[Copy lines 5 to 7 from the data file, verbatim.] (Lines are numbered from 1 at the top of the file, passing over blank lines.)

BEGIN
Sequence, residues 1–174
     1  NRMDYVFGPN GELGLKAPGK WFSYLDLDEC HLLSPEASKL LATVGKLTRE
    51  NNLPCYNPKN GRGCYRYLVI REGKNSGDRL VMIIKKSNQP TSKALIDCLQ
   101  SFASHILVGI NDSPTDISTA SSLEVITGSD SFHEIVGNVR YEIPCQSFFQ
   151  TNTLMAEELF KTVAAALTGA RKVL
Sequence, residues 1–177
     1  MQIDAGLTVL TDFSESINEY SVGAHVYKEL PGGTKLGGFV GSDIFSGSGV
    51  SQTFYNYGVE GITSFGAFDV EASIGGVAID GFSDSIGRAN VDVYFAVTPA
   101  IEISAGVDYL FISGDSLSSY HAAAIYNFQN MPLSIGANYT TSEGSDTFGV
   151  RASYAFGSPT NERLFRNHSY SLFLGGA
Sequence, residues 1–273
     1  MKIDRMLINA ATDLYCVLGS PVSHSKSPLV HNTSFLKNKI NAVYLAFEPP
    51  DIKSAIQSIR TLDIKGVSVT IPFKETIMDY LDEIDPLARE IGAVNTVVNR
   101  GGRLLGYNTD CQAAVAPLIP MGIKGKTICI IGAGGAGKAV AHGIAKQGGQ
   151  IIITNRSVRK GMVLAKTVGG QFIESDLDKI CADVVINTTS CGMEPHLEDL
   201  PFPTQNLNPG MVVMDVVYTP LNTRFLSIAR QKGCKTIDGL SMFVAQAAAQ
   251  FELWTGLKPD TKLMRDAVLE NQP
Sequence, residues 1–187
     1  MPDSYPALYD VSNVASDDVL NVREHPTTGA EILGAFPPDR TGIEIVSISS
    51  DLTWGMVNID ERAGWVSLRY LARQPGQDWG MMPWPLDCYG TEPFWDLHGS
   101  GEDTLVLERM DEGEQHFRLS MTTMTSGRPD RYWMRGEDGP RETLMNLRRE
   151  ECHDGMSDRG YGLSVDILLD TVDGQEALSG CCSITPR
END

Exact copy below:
   151  TNTLMAEELF KTVAAALTGA RKVL
Sequence, residues 1–177
     1  MQIDAGLTVL TDFSESINEY SVGAHVYKEL PGGTKLGGFV GSDIFSGSGV